Idiots Ask Ad Standards Body if "Forever" Actually Means "Forever"

By Gary Cutlack on at

A T-Mobile advert claiming to offer users "unlimited free texts forever" has been investigated by the Advertising Standards Authority, after two people queried the existential issue of whether something can really be proven to last "forever."

T-Mobile responded by telling the ASA that it had no current business plan in place to remove the free text promotion, so that ought to be enough assurance as to the meaning of "forever" in terms of the mobile phone world, a place where even 18 months ahead is seen as something of an unknown distant future.

The ASA itself went a little further, pointing out that most consumers aren't complete idiots and would probably understand the limitations of such an offer and the language used, and that it's probably a bit unrealistic to expect T-Mobile to still exist and to be continuing to offer unlimited free SMS messages three billion years from now.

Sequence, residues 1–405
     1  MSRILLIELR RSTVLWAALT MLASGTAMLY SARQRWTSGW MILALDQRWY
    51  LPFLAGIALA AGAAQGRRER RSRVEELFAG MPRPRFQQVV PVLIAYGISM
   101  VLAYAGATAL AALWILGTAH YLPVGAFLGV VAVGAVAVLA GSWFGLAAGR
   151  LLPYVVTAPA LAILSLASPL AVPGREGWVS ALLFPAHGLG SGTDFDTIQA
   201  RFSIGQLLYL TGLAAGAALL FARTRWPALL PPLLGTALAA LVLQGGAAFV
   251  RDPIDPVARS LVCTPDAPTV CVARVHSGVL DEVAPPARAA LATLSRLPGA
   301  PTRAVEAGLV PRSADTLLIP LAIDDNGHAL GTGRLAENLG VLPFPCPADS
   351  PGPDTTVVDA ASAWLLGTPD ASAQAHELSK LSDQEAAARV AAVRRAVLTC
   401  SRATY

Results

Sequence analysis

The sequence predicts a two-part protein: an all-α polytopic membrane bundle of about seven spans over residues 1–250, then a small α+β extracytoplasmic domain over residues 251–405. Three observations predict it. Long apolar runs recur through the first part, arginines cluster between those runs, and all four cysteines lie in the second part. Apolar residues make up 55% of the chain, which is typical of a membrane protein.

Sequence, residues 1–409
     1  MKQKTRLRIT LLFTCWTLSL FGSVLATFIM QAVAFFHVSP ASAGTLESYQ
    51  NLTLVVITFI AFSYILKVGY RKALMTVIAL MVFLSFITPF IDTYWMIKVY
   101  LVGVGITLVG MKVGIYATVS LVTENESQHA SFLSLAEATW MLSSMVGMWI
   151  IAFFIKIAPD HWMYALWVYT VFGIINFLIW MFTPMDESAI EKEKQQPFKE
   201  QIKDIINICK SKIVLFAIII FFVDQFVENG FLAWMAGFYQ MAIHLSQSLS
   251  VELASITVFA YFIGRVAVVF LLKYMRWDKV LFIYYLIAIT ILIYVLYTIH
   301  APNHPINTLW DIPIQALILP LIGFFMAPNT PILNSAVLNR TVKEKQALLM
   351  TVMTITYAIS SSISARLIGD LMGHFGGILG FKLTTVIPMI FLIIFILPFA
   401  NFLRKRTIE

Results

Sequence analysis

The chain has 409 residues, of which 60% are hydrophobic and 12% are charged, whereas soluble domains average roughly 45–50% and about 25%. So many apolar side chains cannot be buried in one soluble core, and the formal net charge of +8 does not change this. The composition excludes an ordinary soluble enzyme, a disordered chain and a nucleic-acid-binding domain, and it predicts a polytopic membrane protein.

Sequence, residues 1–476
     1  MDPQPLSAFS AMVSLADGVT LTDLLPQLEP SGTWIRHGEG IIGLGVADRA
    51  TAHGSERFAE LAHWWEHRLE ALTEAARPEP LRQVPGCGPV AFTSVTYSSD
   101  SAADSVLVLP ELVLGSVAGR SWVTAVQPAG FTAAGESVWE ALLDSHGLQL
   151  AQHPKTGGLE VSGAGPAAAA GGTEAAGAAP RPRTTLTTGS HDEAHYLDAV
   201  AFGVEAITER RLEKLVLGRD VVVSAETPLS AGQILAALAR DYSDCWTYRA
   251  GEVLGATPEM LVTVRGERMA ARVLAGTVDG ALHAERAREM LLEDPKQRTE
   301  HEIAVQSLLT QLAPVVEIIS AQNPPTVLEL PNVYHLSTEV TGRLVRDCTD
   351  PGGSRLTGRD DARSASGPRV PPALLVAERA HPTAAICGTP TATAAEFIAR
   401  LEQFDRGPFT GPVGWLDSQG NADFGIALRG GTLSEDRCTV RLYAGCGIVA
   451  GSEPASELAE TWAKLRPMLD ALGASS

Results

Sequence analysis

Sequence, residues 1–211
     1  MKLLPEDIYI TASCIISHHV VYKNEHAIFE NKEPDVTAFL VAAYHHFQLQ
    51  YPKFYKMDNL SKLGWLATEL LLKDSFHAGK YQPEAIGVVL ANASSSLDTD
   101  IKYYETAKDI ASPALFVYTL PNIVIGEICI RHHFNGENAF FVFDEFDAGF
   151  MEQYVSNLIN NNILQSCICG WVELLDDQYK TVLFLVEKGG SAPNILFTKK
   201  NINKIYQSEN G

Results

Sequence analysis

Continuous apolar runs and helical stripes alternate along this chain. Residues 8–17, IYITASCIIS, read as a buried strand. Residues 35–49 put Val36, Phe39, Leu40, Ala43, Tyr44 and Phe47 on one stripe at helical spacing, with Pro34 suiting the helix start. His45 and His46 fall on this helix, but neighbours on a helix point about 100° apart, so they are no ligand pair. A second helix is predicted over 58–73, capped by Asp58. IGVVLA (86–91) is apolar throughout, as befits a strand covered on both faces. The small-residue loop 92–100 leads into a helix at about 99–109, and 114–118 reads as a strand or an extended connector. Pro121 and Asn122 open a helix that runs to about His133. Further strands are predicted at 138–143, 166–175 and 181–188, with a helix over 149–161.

Here's the awesome quote delivered from the ASA in response:

We considered consumers were likely to interpret the claim as containing an element of advertising puffery and were unlikely to infer that texts would be available literally forever.

Fantastic work from the ASA there. The term "advertising puffery" will now be used here on a daily basis. The fun the staff there must have dealing with the stupid letters of bored, awkward people on a daily basis. [ASA]

Image credit: The future from Shutterstock